Former crime intelligence officer Morris Tshabalala is expected to appear in the Pretoria Specialised Commercial Crimes Court on Thursday, facing charges of fraud, theft and corruption.
On March 14, the court heard that Tshabalala, alias Captain KGB, was being treated like an animal and being denied his right to be presumed innocent until proven guilty, his legal representative Advocate Annelene van den Heever said.
Addressing Magistrate Nicca Setshogoe, Van den Heever protested as soon as Tshabalala, in leg irons and shackles was escorted into the courtroom by a heavy contingent of armed police officers and correctional services guards.
“When he was brought to court, he was kept in the back of the truck like an animal. He was not taken into cells. That infringes on my client’s right to be perceived innocent. He has the right to be treated fairly. Access to this court is also being restricted. This is supposed to be an open court,” she said.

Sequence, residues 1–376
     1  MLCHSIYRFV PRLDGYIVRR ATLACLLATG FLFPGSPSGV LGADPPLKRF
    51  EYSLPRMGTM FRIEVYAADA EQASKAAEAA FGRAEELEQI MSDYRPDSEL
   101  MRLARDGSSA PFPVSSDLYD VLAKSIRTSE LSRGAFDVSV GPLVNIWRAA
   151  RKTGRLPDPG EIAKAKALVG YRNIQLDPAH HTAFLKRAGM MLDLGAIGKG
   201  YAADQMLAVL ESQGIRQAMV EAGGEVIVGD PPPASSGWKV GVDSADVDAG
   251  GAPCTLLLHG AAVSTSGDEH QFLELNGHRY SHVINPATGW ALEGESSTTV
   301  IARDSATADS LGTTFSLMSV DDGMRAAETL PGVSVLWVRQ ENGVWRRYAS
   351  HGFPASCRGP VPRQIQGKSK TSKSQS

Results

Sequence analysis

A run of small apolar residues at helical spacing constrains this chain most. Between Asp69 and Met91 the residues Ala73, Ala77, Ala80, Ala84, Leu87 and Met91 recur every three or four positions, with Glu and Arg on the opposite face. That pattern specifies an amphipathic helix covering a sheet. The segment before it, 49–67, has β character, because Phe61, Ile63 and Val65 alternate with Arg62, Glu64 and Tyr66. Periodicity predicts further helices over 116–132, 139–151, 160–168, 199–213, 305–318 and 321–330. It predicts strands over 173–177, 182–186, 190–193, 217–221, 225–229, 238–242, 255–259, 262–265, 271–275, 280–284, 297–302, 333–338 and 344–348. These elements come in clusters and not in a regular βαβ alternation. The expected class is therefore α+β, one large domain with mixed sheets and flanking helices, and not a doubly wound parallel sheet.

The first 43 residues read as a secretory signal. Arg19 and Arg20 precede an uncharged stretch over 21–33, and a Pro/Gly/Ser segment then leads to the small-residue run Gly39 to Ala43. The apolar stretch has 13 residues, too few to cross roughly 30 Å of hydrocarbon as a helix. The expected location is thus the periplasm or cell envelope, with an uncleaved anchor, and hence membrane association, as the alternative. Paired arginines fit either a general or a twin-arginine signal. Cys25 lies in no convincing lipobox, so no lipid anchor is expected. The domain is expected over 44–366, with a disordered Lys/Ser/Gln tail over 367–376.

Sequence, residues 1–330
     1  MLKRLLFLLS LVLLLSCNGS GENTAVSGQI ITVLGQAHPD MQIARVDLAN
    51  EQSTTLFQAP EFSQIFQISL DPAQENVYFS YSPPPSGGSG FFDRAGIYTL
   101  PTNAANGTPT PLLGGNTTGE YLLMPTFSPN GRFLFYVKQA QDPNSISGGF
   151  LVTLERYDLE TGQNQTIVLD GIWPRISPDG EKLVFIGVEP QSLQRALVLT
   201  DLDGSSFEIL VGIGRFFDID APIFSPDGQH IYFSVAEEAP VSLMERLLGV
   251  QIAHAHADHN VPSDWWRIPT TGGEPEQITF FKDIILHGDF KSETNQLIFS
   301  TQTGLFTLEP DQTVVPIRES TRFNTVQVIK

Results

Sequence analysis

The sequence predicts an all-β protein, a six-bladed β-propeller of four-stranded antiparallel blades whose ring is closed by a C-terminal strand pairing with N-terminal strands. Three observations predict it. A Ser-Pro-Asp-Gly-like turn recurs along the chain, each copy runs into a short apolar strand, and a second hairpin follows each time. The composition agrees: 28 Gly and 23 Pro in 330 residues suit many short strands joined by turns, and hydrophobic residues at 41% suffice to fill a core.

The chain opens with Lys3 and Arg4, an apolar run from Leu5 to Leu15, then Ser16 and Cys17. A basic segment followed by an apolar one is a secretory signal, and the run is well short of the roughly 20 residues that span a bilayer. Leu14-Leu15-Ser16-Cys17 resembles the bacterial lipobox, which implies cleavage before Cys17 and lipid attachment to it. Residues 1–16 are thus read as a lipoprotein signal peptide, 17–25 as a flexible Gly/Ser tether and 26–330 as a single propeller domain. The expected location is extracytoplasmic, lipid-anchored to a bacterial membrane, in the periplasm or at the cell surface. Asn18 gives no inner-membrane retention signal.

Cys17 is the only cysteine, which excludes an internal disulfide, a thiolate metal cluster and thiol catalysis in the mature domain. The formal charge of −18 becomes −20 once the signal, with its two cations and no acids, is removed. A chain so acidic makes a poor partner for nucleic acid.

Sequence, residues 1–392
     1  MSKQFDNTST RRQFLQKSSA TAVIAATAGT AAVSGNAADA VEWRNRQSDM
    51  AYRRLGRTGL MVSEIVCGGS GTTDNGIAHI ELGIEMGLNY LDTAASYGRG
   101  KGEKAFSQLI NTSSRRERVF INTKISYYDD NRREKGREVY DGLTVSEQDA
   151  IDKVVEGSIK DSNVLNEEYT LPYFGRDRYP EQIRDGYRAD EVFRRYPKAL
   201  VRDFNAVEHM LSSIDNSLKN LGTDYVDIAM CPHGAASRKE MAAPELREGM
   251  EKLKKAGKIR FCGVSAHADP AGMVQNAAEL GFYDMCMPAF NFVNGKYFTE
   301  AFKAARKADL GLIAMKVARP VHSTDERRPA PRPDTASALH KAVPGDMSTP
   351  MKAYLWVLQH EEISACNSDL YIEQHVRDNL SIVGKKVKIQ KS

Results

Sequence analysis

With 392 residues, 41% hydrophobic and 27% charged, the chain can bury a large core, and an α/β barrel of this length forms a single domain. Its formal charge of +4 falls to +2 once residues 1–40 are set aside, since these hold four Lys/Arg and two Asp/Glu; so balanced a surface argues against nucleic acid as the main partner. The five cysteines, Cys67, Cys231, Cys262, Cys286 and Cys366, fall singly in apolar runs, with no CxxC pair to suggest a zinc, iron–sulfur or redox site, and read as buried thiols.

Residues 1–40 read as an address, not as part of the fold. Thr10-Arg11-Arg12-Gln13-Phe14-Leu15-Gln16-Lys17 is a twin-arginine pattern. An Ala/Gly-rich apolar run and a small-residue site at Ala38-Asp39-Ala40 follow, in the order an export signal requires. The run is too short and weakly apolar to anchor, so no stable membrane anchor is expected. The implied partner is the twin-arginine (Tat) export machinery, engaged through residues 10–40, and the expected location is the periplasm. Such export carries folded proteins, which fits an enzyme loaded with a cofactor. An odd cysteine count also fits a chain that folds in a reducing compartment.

Setshogoe ordered that Tshabalala be unshackled, with correctional services officers obeying instantly.
Tshabalala faces charges of fraud, theft and corruption. He is seeking bail for a second time, based on “new facts”.
He was arrested in December while checking in with his parole officer in Pretoria central and charged with theft and defrauding his employer, the South African Police Service (SAPS).
The charges include theft and defrauding the crime intelligence’s secret slush fund of the SAPS of more than R500 000.
According to the charge sheet, Tshabalala, in one instance, defrauded the SAPS by falsifying that R470 000 was “needed to pay for blinds and curtains for a safe house” and he pocketed more than R200 000 from it.
He also faces a charge of corruption relating to R50 000 he received.
Despite having at least two criminal convictions, for armed robbery, masterminding a cash-in-transit heist and attempted murder, Tshabalala had the highest police clearance and was employed by the crime intelligence unit.
He was previously arrested in 1994, and convicted in 1996 for robbery with aggravating circumstances. He was sentenced to 10 years behind bars.
After serving just over two years at the Groenpunt Maximum Correctional Service Centre, Tshabalala was released. He was then re-employed by SAPS after he was released on parole.